Abortion Ruling Leak Did Little To Change Americans’ Voting Intentions

When the leaked draft of a U.S. Supreme Court majority opinion in Dobbs v. Jackson Women’s Health Organization hit the press, suggesting the court is likely to overturn the Roe v. Wade precedent guaranteeing women the right to abortions, much of the conversation focused on how such a ruling would give Democrats a boost in the 2022 congressional elections.

However, despite intense political discourse in the media, the leak does not appear to have changed the minds of voters about the importance of the abortion issue. The finding is part of a forthcoming study conducted by marketing researchers at Washington University in St. Louis and the University of California, Los Angeles.

The research also highlights how Democrats might better frame the abortion issue to attract new supporters and motivate their base ahead of elections.

Anticipating a controversial summer ruling in the Dobbs case, Raphael Thomadsen and Song Yao at WashU’s Olin Business School and Robert Zeithammer at UCLA’s Anderson School of Management, surveyed 350 potential voters — prior to the May 2 leak — about their support for hypothetical candidates based on salient issues including taxes, illegal immigration, climate change, health insurance, poverty and abortion. According to the authors, an advantage of this conjoint style of polling is that it reveals not only which candidate the respondent supports, but also how strongly the respondent feels about each issue.

Shortly after the leak, the team surveyed potential voters again — 300 in all — to see how the news had affected candidate preference. Even before the leak, abortion was an important issue to most voters. The polls showed that abortion had, on average, a 30% weight in respondents’ candidate preference.

Much to their surprise, though, the authors discovered the leak did not significantly increase the weight voters place on abortion in comparison with other issues the poll considered. For Democrats, that number remained steady at 32% following the leak. For Republicans, that number dipped modestly from 29% to 27% following the leak.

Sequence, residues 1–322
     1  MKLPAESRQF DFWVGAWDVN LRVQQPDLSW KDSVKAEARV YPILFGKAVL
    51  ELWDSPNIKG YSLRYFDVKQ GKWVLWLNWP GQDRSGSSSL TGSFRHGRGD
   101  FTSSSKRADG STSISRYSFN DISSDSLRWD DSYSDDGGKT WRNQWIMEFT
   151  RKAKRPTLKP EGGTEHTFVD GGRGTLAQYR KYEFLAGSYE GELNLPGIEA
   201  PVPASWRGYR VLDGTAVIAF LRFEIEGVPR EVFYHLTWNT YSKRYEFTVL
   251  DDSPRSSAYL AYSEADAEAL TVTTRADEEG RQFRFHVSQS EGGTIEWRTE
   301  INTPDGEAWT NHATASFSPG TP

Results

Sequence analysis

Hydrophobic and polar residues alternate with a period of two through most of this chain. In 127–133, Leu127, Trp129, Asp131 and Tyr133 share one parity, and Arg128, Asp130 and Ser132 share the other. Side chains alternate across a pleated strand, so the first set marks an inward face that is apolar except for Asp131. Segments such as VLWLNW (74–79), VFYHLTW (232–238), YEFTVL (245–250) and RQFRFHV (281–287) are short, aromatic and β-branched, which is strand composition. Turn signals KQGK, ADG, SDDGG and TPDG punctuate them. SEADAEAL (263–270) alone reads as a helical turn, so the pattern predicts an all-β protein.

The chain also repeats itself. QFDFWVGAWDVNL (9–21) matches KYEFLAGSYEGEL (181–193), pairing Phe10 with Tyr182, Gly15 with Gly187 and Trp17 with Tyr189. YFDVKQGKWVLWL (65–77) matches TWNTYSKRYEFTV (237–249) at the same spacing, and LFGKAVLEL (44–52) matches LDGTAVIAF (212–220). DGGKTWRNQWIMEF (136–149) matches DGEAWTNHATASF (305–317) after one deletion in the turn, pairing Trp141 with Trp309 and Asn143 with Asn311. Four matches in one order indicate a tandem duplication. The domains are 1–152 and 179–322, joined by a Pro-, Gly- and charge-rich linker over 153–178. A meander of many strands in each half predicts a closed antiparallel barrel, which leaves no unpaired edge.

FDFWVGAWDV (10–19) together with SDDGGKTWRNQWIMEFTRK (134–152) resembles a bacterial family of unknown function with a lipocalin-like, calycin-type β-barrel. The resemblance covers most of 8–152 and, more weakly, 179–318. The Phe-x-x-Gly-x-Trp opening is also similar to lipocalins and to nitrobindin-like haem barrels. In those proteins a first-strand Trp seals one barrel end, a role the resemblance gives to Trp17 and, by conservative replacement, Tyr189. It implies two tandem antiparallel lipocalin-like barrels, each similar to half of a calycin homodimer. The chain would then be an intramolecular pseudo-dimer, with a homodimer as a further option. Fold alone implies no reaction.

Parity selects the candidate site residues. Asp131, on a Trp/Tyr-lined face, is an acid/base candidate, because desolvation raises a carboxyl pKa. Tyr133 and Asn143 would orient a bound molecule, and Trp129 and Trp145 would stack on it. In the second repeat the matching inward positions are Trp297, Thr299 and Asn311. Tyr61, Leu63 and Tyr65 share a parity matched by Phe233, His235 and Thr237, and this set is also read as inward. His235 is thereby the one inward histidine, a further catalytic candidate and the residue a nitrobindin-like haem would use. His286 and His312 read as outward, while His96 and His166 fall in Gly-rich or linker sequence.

“While the average importance of abortion to voters was incredibly consistent, there is some evidence that abortion became slightly less important of an issue to Republicans after the leak, although the shift is still fairly small,” said Yao, associate professor of marketing at Olin Business School.

“Further, we see that abortion became a more important issue for voters who voted for someone other than Biden or Trump,” Yao said. “However, that group represents just under 2% of the voting population, so even if the Democrats captured these individuals’ votes, it would be hard to see the impact of this shift in the balance of power that would emerge this fall.”

According to Thomadsen, professor of marketing at Olin Business School, there are two issues with the way that Democrats are trying to frame the abortion debate to gain an electoral advantage.

“First, we see the Democrats trying to brand the Republicans as being anti-choice. However, this preference is already baked into the support that Democrats and Republicans are currently getting,” Thomadsen said.

“What would really change the abortion debate, however, is that Americans, as a whole, are strongly against abortion prohibitions in the case of rape, incest or to save the health of a mother. Even many Republicans would prefer abortion being legal for a short amount of time — we tested 12 weeks — to having no exceptions made to the law.”

The team’s most recent simulations suggest that if Democrats can paint the Republican-enacted laws as not allowing for these exceptions, they could increase their net electoral advantage by up to 6%.

“This 6% would reflect a small increase in Democratic votes, but a sizable shift in Republicans who would decide not to vote,” Thomadsen said.

‘Even many Republicans would prefer abortion being legal for a short amount of time — we tested 12 weeks — to having no exceptions made to the law.’

Democrats also need to include men in their abortion messaging, Thomadsen said.

“Abortion is framed as an issue for women. However, we find that men are nearly as passionate — and pro-choice — about abortion as women,” he said. “While abortion is an issue about women’s rights, it is important for Democrats to use the issue to rally both men and women, not just women.”

Finally, Thomadsen noted that Democrats also could make inroads with voters on economic issues.

“While the focus of this study was to see how Americans’ preferences shifted toward abortion, we also measured the preferences for many other policies,” he said.  

“We find that fixing health insurance by expanding Medicare to everyone who is not insured is fairly popular,” Thomadsen said. “Similarly, if the Democrats proposed cutting taxes, that would also bring a lot of support.

“This could be done in a very progressive way. For example, reducing each household’s taxes by $2,000, and providing refundable tax credits for those who owe less than a full $2,000 in taxes, is a very popular idea.” Republicans also gain from lowering taxes, Thomadsen noted, but that is baked into their status quo numbers.

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